California committee passes marijuana measure

January 11, 2010 12:00:00 AM PST
There was a step forward on Tuesday in the effort to legalize marijuana in California. The assembly's Public Safety Committee narrowly approved the bill to tax and regulate marijuana, similar to alcohol.

It was an interesting day for supporters who want to legalize marijuana. On the same day they won a key legislative hurdle, their proposal effectively died because of a technicality.

There was a major victory for the movement that's pushing to legalize marijuana in the state of California.

The Assembly Public Safety committee narrowly approved a bill that would allow adult recreational use of the drug, and tax it and regulate it like alcohol.

The move would bring in more than a $1 billion a year in state revenue. Law enforcement and faith-based groups had grave concerns over the effects on youth and society.

"Don't we have enough trouble with legal drugs and mind-altering substances, as well as the health and public safety impacts of alcohol and tobacco?" San Mateo Police Chief Susan Manheimer.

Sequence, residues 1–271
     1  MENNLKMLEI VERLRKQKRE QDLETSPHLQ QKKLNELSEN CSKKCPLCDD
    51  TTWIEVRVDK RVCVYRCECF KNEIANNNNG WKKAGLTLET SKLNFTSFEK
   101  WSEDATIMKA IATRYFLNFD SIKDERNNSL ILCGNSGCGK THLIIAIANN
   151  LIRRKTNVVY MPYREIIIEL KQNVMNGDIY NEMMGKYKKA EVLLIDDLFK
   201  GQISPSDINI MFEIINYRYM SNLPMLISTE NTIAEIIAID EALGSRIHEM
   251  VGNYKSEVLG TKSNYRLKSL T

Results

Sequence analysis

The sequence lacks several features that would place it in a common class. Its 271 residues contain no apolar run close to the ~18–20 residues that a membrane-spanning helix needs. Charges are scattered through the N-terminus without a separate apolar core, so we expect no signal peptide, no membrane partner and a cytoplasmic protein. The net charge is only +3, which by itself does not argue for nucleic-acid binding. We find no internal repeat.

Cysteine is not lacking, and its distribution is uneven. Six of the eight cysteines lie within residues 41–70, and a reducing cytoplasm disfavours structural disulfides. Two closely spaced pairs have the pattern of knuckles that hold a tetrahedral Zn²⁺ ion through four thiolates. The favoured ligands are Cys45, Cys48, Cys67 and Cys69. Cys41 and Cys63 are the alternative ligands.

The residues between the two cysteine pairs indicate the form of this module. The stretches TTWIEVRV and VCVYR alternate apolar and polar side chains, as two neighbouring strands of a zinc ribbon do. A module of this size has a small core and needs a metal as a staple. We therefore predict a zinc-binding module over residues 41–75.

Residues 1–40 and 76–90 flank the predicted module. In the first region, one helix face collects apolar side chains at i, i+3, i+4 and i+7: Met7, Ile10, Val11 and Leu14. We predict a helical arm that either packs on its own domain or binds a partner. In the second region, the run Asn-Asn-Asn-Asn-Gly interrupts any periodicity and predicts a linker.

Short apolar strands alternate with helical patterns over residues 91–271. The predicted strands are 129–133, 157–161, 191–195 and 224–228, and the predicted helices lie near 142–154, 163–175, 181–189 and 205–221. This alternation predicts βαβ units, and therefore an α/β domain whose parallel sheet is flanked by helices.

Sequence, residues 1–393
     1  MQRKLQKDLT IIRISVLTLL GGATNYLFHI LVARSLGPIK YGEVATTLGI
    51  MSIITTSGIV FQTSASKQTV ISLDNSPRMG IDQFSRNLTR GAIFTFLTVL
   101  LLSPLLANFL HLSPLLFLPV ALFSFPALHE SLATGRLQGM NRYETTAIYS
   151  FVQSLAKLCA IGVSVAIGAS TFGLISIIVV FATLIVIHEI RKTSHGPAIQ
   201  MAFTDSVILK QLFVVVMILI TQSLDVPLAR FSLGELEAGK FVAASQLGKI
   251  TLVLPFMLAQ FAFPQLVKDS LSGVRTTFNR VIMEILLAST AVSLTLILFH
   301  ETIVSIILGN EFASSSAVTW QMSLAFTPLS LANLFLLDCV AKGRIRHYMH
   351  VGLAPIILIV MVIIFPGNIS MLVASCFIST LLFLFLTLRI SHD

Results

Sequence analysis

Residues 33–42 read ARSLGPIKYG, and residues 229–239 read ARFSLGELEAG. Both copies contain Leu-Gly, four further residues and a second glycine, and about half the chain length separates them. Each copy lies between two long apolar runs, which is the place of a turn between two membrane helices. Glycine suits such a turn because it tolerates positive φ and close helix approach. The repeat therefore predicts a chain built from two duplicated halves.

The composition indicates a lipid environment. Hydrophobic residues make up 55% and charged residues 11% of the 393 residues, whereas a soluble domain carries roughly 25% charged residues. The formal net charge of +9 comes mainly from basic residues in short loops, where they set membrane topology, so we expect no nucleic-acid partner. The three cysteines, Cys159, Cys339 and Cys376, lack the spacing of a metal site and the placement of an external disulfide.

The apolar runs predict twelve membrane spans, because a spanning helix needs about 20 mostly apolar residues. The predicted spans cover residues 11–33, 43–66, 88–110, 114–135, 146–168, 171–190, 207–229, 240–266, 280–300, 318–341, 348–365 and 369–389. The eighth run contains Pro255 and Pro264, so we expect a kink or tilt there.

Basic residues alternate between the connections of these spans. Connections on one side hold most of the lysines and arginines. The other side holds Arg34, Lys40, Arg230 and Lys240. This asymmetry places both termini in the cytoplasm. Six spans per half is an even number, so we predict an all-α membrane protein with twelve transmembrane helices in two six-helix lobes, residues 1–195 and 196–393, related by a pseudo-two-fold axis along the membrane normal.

But the win is likely to be short-lived. The proposal needs one more committee approval by this Friday's deadline, which won't happen without a rare special waiver.

Still, the author says a lawmaking-body taking action shows promise.

"It legitimizes the quest for debate, the quest for for discussion. There was a time when the 'M-word' would never have been brought up in Sacramento," Assemblyman Tom Ammiano, D-San Francisco, said.

Though Governor Schwarzenegger likes the current law that makes marijuana illegal except for medicinal purposes, he said debating change is good for democracy.

"All of those things ought to be discussed because one ought to hear the pros and cons of everything, and I'm all for that," he said.

Ammiano is weighing two choices: take an existing bill, gut it and insert the marijuana proposal, or wait until voters in November decide the fate of a citizen-initiative, which somewhat legalizes pot.

"It's far better for the Legislature to get ahead of it and respond to voter concerns, but be able to do so if there's flaws, we can adjust it," Assemblywoman Nancy Skinner, D-Berkeley, said.

Other states are also talking about changing their marijuana laws. New Jersey just approved medicinal marijuana use this week and the state of Washington is considering whether to remove criminal penalties for marijuana.


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